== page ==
Georgia Wild: Island of Giants

Georgia Wild masthead: DNR staff with ancient bald cypress on Lewis Island (Carolyn Davis/NPS)


- Raven nest a rarity

- Lewis Island giants

- Cicadas and copperheads

- Blues brooding in odd places


An adult raven leaves the nest, tucked under a ledge; inset; nest locator on the gorge wall (main: Austin Suhr/DNR; inset: Liz Morata/DNR)

A raven leaves the nest; inset: nest site on the gorge wall (Austin Suhr/DNR; inset: Liz Morata/DNR)

Consider this your best chance to see ravens nesting in Georgia.

Two of the big, black birds – ravens are the largest member of the crow family – are raising young on a cliff at Tallulah Gorge State Park. Park Manager Lieren Merz said staff will be putting up signage at the overlook with the best view. The cliff section has been temporarily closed to rock climbing to avoid disturbing the ravens.

Although the species’ name is common raven, these birds are far from common in Georgia. Ravens are seen only in high elevations in the state’s northeastern corner. Their nests rate even rarer.

Over the last 15 to 20 years, nesting has been confirmed in the state at Brasstown Bald and, from 2021 through 2023, on Nottely Lake dam near Blairsville (Georgia’s first known raven nest built on something other than a cliff ledge), according to DNR Program Manager Dr. Bob Sargent.

Sargent did see a newly fledged raven at Tallulah Gorge in 2021 but didn’t find a nest. That honor fell to fellow employee Liz Morata. This March, while searching the gorge near Tallulah Falls for signs of peregrine falcons nesting (DNR has checked annually since peregrines nested there in 2015), the GIS specialist spotted two ravens at a nest tucked under a massive overhang.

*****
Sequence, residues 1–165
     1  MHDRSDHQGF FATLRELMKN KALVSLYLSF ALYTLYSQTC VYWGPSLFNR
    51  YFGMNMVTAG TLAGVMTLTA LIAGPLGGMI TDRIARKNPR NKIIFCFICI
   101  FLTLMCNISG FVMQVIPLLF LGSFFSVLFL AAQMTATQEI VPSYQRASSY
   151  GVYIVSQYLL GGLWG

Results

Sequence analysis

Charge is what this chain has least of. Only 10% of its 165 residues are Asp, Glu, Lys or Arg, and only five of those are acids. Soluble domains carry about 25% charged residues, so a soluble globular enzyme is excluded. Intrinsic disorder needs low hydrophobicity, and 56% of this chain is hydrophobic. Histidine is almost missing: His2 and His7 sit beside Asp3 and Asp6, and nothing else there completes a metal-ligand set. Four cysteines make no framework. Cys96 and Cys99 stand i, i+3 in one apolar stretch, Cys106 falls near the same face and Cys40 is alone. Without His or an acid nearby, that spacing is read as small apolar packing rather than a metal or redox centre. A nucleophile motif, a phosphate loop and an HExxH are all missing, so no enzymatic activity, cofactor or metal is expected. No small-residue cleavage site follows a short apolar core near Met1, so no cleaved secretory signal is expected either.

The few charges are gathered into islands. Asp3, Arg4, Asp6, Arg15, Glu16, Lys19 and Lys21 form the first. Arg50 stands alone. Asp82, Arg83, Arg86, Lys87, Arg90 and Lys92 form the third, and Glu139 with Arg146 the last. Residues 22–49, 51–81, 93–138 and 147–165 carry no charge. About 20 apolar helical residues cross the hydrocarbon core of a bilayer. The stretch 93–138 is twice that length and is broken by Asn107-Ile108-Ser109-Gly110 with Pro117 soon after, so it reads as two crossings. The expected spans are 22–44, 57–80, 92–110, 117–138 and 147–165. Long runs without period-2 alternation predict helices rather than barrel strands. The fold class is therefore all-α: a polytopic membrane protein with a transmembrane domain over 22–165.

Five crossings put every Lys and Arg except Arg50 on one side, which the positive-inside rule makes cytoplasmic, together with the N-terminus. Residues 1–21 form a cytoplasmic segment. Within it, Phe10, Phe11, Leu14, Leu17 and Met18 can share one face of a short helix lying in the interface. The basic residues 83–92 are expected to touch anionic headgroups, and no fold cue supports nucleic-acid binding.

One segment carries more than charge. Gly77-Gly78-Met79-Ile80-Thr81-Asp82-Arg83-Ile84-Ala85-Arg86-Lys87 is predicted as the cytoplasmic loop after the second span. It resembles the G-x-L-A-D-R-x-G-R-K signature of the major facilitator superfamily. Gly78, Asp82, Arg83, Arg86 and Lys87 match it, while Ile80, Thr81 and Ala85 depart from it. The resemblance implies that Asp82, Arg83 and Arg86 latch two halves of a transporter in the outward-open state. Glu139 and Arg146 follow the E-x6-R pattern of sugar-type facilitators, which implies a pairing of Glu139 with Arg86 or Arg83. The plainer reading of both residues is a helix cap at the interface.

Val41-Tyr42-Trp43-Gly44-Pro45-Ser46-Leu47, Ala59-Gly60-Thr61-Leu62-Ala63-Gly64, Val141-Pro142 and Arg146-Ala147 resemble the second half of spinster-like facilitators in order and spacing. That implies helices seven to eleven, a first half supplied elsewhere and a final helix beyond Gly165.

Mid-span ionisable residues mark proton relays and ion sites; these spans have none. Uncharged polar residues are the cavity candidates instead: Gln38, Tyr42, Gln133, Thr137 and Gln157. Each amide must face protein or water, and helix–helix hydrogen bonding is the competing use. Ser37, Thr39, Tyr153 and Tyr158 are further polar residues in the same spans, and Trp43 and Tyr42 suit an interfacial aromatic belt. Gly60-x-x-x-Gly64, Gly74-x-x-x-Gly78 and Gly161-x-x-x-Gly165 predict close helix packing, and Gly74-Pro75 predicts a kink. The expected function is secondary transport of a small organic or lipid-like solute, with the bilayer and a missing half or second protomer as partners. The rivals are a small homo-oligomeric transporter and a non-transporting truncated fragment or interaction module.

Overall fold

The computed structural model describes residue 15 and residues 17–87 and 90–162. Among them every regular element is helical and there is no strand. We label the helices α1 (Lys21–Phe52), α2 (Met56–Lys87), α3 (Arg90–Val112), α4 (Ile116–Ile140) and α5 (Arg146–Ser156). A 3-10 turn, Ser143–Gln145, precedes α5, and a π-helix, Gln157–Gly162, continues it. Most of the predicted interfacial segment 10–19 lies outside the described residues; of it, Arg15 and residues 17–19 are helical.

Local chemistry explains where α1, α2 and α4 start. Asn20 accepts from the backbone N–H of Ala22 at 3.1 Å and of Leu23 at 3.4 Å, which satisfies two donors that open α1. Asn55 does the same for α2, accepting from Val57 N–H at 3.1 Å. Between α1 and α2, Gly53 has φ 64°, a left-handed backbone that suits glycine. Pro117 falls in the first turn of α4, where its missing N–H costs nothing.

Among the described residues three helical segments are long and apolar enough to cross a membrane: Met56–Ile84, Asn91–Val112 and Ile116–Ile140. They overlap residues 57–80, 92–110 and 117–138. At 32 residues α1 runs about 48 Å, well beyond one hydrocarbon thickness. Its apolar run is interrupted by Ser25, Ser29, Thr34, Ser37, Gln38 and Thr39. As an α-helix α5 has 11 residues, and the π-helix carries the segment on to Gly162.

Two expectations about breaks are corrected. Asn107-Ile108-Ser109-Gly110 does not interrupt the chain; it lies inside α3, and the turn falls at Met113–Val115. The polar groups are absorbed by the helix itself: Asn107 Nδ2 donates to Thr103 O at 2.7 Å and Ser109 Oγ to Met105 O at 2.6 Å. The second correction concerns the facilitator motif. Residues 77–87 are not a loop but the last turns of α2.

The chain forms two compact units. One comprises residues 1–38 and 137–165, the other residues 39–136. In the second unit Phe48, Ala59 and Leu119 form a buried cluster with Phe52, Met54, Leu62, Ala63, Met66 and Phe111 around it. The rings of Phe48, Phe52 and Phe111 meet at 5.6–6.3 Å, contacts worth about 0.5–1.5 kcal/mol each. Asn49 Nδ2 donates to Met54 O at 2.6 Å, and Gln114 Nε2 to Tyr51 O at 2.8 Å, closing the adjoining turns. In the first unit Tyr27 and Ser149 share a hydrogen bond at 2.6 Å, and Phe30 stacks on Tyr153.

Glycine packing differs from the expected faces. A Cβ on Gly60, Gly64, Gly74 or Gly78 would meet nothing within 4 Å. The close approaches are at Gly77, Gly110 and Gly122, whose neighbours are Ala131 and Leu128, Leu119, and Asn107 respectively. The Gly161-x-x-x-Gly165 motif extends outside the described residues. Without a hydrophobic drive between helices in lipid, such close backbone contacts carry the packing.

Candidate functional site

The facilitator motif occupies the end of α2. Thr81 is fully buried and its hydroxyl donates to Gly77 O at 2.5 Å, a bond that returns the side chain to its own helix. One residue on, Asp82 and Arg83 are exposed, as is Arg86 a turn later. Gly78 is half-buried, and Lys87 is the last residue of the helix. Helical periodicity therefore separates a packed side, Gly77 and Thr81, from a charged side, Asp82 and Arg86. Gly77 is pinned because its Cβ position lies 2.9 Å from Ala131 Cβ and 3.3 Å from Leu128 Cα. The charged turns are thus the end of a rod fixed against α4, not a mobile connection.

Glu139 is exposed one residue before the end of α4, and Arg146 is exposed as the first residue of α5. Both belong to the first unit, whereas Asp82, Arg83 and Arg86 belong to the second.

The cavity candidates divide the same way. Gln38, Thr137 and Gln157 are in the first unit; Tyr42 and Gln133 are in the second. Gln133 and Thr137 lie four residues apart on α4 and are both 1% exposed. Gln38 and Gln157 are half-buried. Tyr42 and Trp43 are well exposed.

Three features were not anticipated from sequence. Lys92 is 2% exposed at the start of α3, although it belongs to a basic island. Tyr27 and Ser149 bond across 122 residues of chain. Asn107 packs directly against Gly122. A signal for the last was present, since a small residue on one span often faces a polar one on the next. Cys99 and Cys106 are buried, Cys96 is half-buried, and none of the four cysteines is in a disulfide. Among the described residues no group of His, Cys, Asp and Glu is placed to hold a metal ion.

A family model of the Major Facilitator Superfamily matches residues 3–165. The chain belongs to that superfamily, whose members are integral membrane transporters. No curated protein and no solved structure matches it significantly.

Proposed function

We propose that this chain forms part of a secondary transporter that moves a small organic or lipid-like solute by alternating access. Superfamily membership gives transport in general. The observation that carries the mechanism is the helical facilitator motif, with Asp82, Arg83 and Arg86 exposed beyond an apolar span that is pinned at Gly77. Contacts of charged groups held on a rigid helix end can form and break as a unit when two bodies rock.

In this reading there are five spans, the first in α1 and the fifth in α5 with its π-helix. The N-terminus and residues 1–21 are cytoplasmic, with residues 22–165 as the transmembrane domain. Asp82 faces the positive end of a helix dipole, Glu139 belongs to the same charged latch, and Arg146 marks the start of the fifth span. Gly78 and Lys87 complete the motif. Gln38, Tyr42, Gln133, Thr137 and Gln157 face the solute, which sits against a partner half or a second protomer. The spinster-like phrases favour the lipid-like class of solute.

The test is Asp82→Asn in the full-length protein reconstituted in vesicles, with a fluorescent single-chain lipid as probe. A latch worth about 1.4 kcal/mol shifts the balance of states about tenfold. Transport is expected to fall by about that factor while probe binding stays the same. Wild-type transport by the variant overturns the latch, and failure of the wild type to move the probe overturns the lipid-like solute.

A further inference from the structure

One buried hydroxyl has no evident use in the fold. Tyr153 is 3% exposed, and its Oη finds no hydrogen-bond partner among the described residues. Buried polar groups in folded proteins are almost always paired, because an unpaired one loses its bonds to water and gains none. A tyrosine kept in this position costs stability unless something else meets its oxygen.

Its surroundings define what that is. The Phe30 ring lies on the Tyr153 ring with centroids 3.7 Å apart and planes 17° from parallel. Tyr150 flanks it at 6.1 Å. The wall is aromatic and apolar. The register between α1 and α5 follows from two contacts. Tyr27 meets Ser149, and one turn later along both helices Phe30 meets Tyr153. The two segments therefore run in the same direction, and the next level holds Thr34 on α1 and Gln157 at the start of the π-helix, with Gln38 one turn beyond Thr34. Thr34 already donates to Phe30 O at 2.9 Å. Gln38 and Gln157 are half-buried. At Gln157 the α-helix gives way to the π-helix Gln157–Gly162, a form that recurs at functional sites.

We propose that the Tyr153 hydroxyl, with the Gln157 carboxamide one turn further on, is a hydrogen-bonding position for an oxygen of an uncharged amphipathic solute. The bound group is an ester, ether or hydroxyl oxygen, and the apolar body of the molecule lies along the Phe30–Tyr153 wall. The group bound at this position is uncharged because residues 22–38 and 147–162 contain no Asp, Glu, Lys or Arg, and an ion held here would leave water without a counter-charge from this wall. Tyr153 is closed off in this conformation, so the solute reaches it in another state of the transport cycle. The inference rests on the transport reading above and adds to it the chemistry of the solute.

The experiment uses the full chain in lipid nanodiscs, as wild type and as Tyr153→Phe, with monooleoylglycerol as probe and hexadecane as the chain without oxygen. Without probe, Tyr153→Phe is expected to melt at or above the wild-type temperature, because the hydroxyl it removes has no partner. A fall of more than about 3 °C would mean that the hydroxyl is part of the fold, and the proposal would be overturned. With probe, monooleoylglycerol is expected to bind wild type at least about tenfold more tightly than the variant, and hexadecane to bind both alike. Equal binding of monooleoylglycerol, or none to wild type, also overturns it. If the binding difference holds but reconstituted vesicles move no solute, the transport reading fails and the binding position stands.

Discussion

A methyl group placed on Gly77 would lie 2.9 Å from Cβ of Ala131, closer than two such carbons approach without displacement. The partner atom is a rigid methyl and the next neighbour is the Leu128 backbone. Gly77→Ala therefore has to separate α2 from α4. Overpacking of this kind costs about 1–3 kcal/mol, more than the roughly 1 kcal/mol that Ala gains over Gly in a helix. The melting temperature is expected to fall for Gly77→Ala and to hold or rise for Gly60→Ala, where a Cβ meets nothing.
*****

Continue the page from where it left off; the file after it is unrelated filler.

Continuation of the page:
During a follow-up visit in late April, Morata and Sargent saw two nestlings about 3 weeks old. Given their age, Sargent expects the young to fledge, or leave the nest, the second or third week of this month.

Meanwhile, Merz said bird walks at the park this spring will highlight the ravens.

Common raven, an uncommon bird (Adobe Stock)

Common raven, an uncommon bird (Adobe Stock)


  • ParkPass required
  • Binoculars help, but a spotting scope is best for viewing the nest
  • Check the park website and Facebook page for planned bird walks. (Note: weekends at the park are busy. Staff may limit access if parking is full.)


  • Looks: Sooty black with long, heavy bill. Up to 2 feet long with a 4-foot wingspan (a third larger than American crows, state’s most common crow).
  • Call: Hoarse croaks (listen)
  • Range: Found across Northern Hemisphere but limited in Georgia to high elevations in extreme north. Over last 100-150 years, range and numbers in eastern U.S. were reduced by habitat loss, shooting, trapping and poisoning. Breeding Bird Survey data from 1966-2019 shows population increasing.
  • Nesting: Builds stick nests up to 5 feet wide and 2 feet deep, usually on rock ledges
  • Smarts: One of the more intelligent birds; works to solve problems and exhibits play behaviors, including sliding in snow. For more: “Ravens parallel great apes in physical, social cognitive skills.”
  • Aerobatic: Agile flyers known for stunts including rolls, somersaults, even flying upside down